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Project Syndicate: It's time to debunk myths about India and China. Observer: Blame Ireland's leaders for the crisis. WashPost: Don't reward Israel for its bad behavior.
Microfinance needs more sensible regulation
An opinion piece in the Economist argues that the microfinance industry needs more sensible regulation. Politicians should stop trying to enact overly invasive restrictions. They hurt microfinance institutions and jeopardize their efforts to attract private capital.
QUOTE: The Indian government should also allow MFIs to take deposits, which they are currently prevented from doing: this would make them less dependent on capital markets for funding.
Debunking myths about India and China
Pranab Bardhan, professor of economics at the University of California at Berkeley, writes in Project Syndicate that China and India deserve the attention they receive for their remarkable growth, but there are misperceptions about their economies. China is not yet the manufacturing center of the world, and India’s information technology-enabled services are too small to transform the nation.
QUOTE: Much of the dramatic poverty reduction in China over the last three decades was due not to integration into the global economy, but to domestic factors like growth in the agricultural sector (where mass poverty was concentrated).
Ireland’s leaders are to blame for its crisis
An editorial in London’s The Observer argues that Ireland’s elite is to blame for its economic crisis as its leaders ran the country “like a casino.” The government became dependent on the property market and went to any length to keep it going.
QUOTE: The initial crisis response in 2008 was designed in such a way as effectively to absorb the doomed banking sector into the state, with no safeguards for taxpayers. While fitting as a kind of poetic commentary on what had happened in the boom years, as policy it was insane.
Obama pushes a new free trade bloc
Correspondent Jonathan Adams writes in GlobalPost that President Obama is pushing the Trans-Pacific Partnership as a way to boost the American and global economies. Adams writes that the trade deal’s prospects may be dubious as the political costs of it are great.
QUOTE: If the politics of TPP look thorny, they're nothing compared to the politics of a wider trans-Pacific deal. Protected agricultural sectors have so far helped prevent a Korea-China deal, a Japan-Korea deal, or an expansion of the ASEAN-China deal to include Korea and Japan.
Japan’s aging population poses the biggest threat to its economy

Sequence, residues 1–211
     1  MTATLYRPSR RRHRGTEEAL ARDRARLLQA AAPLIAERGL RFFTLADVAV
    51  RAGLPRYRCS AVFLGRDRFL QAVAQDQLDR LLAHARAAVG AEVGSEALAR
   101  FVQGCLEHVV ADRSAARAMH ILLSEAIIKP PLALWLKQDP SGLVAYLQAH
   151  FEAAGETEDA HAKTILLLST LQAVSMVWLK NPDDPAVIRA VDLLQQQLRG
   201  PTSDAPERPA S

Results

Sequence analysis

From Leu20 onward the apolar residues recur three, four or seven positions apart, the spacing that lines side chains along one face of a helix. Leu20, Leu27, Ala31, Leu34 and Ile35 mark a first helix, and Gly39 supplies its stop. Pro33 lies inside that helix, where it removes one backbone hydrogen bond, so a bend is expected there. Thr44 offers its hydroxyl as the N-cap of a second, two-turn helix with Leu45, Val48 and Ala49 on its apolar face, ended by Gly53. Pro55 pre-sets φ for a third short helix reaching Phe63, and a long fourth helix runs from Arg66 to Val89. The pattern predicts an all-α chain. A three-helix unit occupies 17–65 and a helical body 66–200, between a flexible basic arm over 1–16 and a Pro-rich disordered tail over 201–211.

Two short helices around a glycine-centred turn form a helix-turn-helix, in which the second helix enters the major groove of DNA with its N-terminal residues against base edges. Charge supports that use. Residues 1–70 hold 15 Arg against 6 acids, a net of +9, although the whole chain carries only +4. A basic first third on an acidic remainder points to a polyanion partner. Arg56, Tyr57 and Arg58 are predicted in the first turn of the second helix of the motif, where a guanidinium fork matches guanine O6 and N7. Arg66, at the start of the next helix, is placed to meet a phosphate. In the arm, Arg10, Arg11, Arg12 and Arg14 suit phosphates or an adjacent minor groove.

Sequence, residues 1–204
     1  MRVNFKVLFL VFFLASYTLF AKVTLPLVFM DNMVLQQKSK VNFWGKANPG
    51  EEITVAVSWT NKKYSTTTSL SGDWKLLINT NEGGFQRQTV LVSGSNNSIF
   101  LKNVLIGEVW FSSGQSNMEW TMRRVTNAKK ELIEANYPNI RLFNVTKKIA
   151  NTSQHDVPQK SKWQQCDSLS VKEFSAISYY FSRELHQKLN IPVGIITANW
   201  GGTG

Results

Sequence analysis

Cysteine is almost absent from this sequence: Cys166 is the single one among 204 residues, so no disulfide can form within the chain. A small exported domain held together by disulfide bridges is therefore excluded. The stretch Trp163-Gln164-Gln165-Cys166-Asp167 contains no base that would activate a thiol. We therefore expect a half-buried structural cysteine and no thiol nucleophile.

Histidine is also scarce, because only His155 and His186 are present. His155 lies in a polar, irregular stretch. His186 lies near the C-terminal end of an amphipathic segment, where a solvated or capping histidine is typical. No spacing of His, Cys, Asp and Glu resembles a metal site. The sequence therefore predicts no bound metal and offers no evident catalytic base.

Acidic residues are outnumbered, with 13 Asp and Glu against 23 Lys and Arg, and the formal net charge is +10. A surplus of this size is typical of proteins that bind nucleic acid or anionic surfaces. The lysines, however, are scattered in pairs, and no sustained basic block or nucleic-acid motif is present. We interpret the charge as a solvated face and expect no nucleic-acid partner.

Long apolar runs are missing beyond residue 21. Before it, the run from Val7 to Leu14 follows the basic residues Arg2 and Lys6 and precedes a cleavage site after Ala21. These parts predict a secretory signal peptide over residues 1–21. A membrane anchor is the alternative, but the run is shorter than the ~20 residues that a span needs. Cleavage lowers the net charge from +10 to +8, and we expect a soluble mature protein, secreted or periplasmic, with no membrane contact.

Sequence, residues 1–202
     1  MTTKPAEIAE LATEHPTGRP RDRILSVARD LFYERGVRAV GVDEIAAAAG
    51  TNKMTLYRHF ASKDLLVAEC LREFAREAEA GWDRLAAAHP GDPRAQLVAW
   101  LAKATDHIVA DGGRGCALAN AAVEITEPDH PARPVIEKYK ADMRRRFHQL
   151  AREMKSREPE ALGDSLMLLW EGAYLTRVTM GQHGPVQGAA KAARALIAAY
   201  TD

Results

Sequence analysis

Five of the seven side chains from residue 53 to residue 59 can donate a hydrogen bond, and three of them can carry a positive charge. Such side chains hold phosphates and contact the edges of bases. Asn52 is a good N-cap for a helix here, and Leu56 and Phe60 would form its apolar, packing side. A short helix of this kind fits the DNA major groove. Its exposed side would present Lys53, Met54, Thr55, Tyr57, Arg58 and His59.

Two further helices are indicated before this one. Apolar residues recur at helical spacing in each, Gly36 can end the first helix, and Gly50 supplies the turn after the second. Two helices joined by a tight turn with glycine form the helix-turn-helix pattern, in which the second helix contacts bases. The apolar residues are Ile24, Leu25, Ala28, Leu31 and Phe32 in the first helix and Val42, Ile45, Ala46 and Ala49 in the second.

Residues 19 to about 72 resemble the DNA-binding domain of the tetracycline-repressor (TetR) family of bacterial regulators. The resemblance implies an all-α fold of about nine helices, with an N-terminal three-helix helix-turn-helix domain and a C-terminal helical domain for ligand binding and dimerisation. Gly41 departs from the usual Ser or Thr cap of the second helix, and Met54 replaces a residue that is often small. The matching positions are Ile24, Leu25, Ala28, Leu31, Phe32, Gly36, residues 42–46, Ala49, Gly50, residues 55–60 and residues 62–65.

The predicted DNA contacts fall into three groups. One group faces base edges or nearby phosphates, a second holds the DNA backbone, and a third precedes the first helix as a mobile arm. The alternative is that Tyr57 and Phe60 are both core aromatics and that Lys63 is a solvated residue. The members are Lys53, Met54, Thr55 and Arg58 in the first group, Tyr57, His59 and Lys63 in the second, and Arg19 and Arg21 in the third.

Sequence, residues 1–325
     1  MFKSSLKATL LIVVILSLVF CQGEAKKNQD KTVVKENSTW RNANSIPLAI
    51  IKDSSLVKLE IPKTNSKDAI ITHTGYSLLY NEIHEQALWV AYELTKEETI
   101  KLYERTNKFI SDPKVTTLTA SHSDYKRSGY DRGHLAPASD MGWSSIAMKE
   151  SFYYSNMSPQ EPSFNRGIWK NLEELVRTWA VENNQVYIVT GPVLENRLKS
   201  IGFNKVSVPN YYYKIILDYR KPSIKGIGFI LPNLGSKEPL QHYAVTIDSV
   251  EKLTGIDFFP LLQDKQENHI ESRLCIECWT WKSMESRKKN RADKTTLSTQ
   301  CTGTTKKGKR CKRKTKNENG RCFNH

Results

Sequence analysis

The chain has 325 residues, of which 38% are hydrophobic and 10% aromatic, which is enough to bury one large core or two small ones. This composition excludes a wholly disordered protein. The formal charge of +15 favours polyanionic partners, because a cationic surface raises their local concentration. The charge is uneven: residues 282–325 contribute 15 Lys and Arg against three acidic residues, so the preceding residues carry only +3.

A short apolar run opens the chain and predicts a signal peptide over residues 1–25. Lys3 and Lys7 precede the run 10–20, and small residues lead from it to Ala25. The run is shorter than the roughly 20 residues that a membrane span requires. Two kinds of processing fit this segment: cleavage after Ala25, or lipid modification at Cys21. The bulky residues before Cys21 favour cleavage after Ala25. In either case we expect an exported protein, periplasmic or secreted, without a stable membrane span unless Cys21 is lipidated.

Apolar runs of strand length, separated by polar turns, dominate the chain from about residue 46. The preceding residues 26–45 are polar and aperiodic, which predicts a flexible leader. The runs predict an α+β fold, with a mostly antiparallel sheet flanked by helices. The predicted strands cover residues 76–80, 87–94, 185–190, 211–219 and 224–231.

An opinion piece in the Economist argues that the biggest threat to Japan’s economy is now its aging population. Japan’s population is growing older faster than any other country’s. The piece argues that if Japan does not work to address its aging population, the effects on the economy will be intractable.
QUOTE: Falling output may weaken Japan’s sense of self-confidence and its standing in the world. What is more, Japan has the highest government debt relative to GDP in the rich world. If debt continues to grow as the economy contracts, it will become even harder to bear.
‘Stability’ is the new ‘democracy’
Columnist Doug Saunders writes in Toronto’s Globe and Mail that political rhetoric and foreign policy goals have changed after the Iraq and Afghan wars. The international community now seeks “stability” when dealing with countries like China or Sudan, instead of “democracy.”
QUOTE: We now talk about stability, or containment, or conflict prevention. Because the word was abused so violently by Mr. Bush, it may be a generation before democracy returns to that list.
Strong business leadership is needed to save the economy from protectionism
Jean-Pierre Lehmann, a professor of international political economy at IMD, Lausanne, Switzerland, writes in the Times of India that global leaders must do more to prevent a rise of protectionism. Business leadership is needed to push through a strong multilateral trade framework.
QUOTE: The fact that there is turbulence is all the more reason why leadership, good governance and a solid rules-based multilateral trade framework are absolute imperatives.
Sarah Palin might make it to the top
Columnist Frank Rich writes in the New York Times that if former Alaska governor Sarah Palin decides to run for US president in 2012, she has a good chance of becoming the Republican candidate. Palin manages to turn things that would damage other candidates – like gaffes, family scandals and “shameless lying” – to her advantage.
QUOTE: Sooner or later Palin’s opponents will instead have to man up — as Palin might say — and actually summon the courage to take her on mano-a-maverick in broad daylight. Short of that, there’s little reason to believe now that she cannot dance to the top of the Republican ticket when and if she wants to.
Eurozone nations must face up to the need for debt restructuring
An editorial in London’s Daily Telegraph argues that a single currency in Europe has not been successful because it has not been accompanied by political unification. The piece argues that bailing out eurozone nations cannot continue.
QUOTE: Voters in solvent nations such as Germany are unwilling to see their taxes used to prop up their bankrupt neighbors indefinitely, which means that Ireland, Greece, Portugal and perhaps Spain will have to restructure their debts.
The US plans on rewarding Israel for its bad behavior
Daniel Kurtzer, a former US ambassador to Israel and Egypt, writes in the Washington Post that the United States would be rewarding Israel for bad behavior if it provides it military assistance in exchange for a three-month freeze in settlement construction.
QUOTE: While Washington will almost certainly come to regret bribing Israel, Israel may regret receiving such a bribe even more.